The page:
An assortment of topics and thoughts that might be helpful for interviews and resumes, etc.
- Questions to ask them in the interview
- About the hiring process
- Why Palantir?
- Stuff you'd like to learn or play with
- Stuff you've made
- Pain points in current role
- What I've learnt at my current job
- Stuff you do in your spare time
- What other roles have you been exploring and why not those ones
- Talk about something deeply technical you've done
- Something interesting you saw or read recently
- Questions to ask about the company and practices
- Small talk topics
I interviewed with Palantir in early 2019. Not successful, but I got a free trip to San Francisco for what I guess was a final round of interviews!
These aren't all questions I was asked, they're questions that I prepared for.
There were about 4-5 phone/zoom interviews in total before I got asked to go to San Francisco. The recruitment team were very communicative the whole way through, lots of emails and calendar scheduling, and could do a lot of the talking and question-answering before passing me to the people inside that'd do the real interviewing.
Questions to ask them in the interview
- Do you use Slack?
- How noisy are people in the office?
- Are there breakout spaces for conversations and phonecalls?
- What's the on-call roster like?
- Can you talk about customers that you've worked with? Have you ever personally felt a moral dilemma about your work? How do you compartmentalise yourself vs. the company?
- What are people's work hours like? And how flexible?
- Can you talk about the direction the company wants to take, from the perspective of SRE team? Does the team work on "products" as in capabilities? What does Palantir want to build?
- It's reported that Palantir has never reported a profit? What are your thoughts on that, and do you have a sense of where the company is investing money, beyond paying for salaries and infrastructure?
- What's Palantir's approach to data security and mitigating abuse, either from customer's inner people, or Palantir staff?
- Use of personal devices at Palantir? Choice of workstation? Physical environment?
About the hiring process
- A big tech question
- Talk about problems you've solved
- "Palantir in the Anti-Money Laundering Space" is a damn cool video
- This presentation about Dynamic Ontology is interesting, covers what I was thinking of with graph DB usage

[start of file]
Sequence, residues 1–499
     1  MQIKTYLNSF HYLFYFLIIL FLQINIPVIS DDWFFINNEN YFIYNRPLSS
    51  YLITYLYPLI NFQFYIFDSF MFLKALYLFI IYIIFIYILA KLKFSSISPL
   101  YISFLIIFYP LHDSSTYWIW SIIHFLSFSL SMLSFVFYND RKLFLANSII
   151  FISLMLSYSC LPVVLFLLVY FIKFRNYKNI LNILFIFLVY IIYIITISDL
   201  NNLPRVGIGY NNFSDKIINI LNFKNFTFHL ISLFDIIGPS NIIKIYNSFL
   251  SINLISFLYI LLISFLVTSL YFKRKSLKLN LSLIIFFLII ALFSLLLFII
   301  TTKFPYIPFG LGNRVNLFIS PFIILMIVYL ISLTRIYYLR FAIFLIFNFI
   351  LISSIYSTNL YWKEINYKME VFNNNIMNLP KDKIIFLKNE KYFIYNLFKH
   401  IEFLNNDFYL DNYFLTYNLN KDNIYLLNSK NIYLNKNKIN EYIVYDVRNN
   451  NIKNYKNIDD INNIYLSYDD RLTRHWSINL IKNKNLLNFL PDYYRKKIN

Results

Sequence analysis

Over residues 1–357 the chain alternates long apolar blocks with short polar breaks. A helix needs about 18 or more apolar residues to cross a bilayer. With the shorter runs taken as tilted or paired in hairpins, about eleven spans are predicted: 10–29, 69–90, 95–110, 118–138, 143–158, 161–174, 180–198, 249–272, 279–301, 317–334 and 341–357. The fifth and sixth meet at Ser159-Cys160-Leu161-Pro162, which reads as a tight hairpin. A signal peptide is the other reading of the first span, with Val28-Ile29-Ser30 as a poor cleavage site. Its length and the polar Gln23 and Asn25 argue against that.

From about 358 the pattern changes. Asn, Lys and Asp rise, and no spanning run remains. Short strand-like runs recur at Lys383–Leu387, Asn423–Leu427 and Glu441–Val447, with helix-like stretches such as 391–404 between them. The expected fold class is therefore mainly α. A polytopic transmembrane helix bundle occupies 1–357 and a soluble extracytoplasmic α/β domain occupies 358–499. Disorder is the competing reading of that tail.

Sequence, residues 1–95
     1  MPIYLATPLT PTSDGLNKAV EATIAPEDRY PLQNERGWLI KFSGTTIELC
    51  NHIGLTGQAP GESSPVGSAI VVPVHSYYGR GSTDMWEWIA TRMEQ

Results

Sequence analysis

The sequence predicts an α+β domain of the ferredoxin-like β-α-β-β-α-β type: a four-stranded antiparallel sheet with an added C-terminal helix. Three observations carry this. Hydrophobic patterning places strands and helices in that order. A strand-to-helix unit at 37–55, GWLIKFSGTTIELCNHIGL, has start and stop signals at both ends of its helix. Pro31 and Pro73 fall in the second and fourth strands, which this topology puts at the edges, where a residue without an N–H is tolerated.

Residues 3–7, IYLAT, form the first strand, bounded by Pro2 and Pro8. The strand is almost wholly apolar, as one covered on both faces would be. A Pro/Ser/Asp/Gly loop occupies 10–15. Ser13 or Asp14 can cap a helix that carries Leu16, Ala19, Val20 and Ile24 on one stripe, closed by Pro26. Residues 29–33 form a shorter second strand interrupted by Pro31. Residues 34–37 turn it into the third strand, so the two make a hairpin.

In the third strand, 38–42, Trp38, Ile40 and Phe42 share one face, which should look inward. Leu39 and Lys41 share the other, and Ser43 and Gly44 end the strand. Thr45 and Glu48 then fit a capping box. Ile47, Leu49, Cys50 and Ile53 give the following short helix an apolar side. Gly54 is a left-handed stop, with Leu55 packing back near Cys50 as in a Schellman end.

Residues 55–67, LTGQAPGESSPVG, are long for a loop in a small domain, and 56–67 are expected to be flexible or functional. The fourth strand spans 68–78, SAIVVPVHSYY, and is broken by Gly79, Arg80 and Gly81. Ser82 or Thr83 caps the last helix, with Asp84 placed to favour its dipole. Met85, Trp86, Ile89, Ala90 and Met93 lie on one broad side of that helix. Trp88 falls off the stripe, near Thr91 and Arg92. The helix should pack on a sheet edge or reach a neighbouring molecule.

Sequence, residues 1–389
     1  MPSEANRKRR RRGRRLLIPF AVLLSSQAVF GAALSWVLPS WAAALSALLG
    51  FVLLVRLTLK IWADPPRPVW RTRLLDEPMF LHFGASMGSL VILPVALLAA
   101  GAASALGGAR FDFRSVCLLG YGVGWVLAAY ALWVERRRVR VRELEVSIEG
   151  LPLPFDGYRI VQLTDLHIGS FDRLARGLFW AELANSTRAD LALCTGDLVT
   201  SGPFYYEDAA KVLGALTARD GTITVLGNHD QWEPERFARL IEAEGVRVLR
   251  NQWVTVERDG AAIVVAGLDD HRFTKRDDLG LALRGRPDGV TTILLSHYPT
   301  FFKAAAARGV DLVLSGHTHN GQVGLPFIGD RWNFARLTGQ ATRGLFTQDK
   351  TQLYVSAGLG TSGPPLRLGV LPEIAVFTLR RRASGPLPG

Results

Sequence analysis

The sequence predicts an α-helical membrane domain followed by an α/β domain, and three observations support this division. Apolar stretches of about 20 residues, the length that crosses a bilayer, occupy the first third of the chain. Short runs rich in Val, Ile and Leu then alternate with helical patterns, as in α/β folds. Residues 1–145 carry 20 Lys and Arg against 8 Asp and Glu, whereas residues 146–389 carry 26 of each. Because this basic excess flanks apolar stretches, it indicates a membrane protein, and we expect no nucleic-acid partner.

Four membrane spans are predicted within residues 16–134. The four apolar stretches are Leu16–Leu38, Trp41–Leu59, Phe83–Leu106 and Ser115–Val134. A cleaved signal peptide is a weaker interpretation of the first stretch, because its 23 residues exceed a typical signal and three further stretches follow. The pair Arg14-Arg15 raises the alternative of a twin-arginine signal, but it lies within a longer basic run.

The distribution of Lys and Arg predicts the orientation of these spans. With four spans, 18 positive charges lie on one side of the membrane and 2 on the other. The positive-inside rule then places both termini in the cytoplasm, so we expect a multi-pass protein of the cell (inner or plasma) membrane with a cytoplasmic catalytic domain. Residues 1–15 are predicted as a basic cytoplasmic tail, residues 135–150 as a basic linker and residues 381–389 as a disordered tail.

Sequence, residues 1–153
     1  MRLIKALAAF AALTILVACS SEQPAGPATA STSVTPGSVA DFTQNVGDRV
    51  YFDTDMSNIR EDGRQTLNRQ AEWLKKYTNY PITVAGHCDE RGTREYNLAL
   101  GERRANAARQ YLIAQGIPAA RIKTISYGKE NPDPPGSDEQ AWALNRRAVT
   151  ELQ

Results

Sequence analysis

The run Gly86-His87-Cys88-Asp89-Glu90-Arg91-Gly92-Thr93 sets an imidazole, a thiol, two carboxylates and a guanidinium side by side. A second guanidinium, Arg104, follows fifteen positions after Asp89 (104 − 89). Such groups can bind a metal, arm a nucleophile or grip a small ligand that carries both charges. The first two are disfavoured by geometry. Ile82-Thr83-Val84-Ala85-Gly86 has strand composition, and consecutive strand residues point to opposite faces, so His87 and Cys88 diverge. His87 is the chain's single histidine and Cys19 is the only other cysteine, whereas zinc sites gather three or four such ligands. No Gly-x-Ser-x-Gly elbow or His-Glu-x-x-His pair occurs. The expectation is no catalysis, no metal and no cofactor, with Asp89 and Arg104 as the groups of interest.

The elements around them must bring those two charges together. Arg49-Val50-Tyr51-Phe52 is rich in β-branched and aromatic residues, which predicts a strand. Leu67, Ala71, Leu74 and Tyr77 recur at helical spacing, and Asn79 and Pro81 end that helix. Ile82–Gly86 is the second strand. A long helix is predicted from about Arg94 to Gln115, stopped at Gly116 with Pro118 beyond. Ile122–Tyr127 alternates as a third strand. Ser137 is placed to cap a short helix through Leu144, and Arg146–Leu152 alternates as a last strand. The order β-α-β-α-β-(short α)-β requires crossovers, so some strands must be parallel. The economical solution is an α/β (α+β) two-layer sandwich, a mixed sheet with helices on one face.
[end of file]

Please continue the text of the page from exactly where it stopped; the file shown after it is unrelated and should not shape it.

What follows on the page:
Really exciting problems to solve! I'm interested in having breadth of systems to learn and deal with.
Stuff you'd like to learn or play with
- Networking at scale, so far it's mostly been theoretical
- Would be good to have "ownership" of something again
- Security, partly policy and partly applied
- Dev in new languages, Haskell and Rust perhaps?
- Graph DB, to help me organise data in my head and find links, help remember stuff
Stuff you've made
- QQC translation tooling
Pain points in current role
- Lack of well defined workflows
- Difficult to make changes because you can't touch a lot of stuff
- Hard to improve things due to scale, and lack of well-defined interfaces, stuff is too tightly coupled
What I've learnt at my current job
People. People are a challenge.
- How to respectfully address or confront someone
- Checking in on where stuff is at
- Managing expectations and comms - keep people informed, deal with email, because we don't have integrated comms and work management
- Difficult to show off something PoC casually
Stuff you do in your spare time
- Travel to Japan
- I went hiking recently
- Reading some sci-fi recently
- A bit of languages
- Military stuff, firearms and history
What other roles have you been exploring and why not those ones
DevOps engineer: research and deploy new apps/systems. More cloud and containers
- Forward Deployed Software Engineer: more dev-focused, I don't have that much breadth of languages. Not available to travel that much
Talk about something deeply technical you've done
At Dept of Education.
Hack the On2/Flix media encoder to transfer the software licence, when the original company is defunct. Dig into the code and hijack the call where it gets the MAC address and hostname, LD_PRELOAD fun, etc.
That was cool because I learnt a bit about deeper system internals, and got to pay off some crappy tech debt.
But that's nothing compared to starboard...
At Dept of Education.
SMFT for file transfers, fixing up the encryption, knowing that the automation works, getting it monitored, monitoring it by sending files!
At Dept of Education.
ldapmanage tooling was fixed and extended, got the reporting working again (expiring and soon-expiring accounts)
Something interesting you saw or read recently
Conterfeit chips in supply chains, this is especially tough for military hardware with lifespans of a few decades.
Intel Stratix-V chips, worth about $5000 or something. Oh it's an FPGA, that's why it's so pricey. And this isn't some dinky FPGA running at 200MHz, this is a seriously performant piece of customisable silicon.